Molecular switch of L-plastin plays role in cancer metastasis

Researchers from the University of Calgary reported that disruption of a region of L-plastin (LPL), a calcium binding protein, prevented cancer cells from invading.  The area on LPL is called a “molecular switch.” On the basis of this work, the molecular switch has emerged as a new target for cancer treatment.

The modified protein was unable to bind with actin, which is essential for cytoskeletal remodeling movement of cancer cells. L-plastin is expressed in cells of hematopoietic origin and in metastatic cancer cells, both of which are mobile cells. LPL is known to be required for T cell activation and motility. Neutrophils that do not express LPL do not kill pathogens. Blocking of LPL with intracellular antibodies inhibits the formation of filopodia, which are essential for motility.

Results obtained with a mouse model have shown that metastasis of prostate cancer is diminished when LPL expression is reduced, while increased LPL expression levels and its phosphorylation give rise to increased metastasis.

LPL is comprised of two N-terminal EF-hand motifs (head-piece domain), which are homologous to a single domain of calmodulin (CaM) (34.7% identical), followed by two actin-binding domains (ABDs). Each ABD consists of two independently folded calponin homology (CH) domains. While many signaling and cytoskeletal proteins share these CH domains, plastins are the only known proteins to have two tandem ABDs. The four CH domains are each folded into a compact globular shape where the ABD1 and ABD2 are arranged back-to-back. Each ABD can bind an actin-filament, thereby LPL can cross-link between two actin-filaments to form a tight bundle. 

 The researchers discovered that an extra ‘switch-helix’ can be formed between the EF construct and the ABDs which may act as the Ca2+-sensor. This fifth helix of LPL (H5) is only formed in the presence of Ca2+when it is bound to the two EF-hand motifs.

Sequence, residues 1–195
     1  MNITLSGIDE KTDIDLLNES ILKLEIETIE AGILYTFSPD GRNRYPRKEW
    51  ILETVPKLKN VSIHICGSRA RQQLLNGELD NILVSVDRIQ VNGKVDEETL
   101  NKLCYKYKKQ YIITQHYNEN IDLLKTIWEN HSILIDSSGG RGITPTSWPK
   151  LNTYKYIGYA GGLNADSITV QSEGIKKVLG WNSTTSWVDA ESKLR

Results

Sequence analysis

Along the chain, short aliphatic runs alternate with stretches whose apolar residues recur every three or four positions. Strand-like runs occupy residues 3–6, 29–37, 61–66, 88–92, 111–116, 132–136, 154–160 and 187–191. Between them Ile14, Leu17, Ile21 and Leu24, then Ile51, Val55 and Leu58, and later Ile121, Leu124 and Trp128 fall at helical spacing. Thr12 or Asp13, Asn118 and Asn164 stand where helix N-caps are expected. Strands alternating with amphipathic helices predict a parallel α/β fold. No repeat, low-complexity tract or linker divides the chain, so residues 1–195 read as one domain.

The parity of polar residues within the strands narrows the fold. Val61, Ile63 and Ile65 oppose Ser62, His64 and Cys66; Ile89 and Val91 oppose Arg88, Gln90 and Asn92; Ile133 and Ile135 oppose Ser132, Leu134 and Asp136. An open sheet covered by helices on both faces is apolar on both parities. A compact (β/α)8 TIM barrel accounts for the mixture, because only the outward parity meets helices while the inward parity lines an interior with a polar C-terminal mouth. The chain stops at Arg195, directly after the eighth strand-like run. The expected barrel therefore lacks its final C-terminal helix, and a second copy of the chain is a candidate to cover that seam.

Figure 1. The solution NMR structures of (a) Ca2+-free EF and (b) Ca2+-bound EF-H5. The 30 lowest energy structures are superimposed using the backbone atoms in the well folded region (left panels). The four helices which make up the two EF-hands are shown in blue whereas helix 5 (H5) in EF-H5 is shown in red. Ribbon representation of the lowest energy structure (right panels). The key residues (V86, F90, and I94) which associate with the hydrophobic pocket of the EF domain are highlighted. Two Ca2+ ions are also displayed as gold spheres. http://www.nature.com/articles/srep40662

 Disruption of the switch helix with a peptide (melittin) can out-compete the regulatory helix (H5) in the EF-H5 construct, thereby, disabling the Ca2+-switch of LPL and disrupting the ability of LPL to effectively bundle actin filaments. Melittin is contained in bee venom and has been reported to block metastases and has been proposed as an anti-cancer therapy. But, because it is a strongly hemolytic peptide, it is not appropriate for clinical use, however, the development of drugs that mimic its activity in regulating the LPL switch may be quite useful.

Figure 2. (a) The regulatory helix (H5) stabilizes the actin binding interface formed with CH1 and 2 (ABD1) in the absence of Ca2+. (b) The Ca2+-bound EF hands sequesters H5 from ABD1, resulting in a less stable domain orientation, which leads to the lower actin bundling efficiency. (c) Peptides or drugs which can block the association between H5 and EF hands can potentially deregulate the Ca2+-switch of LPL. http://www.nature.com/articles/srep40662

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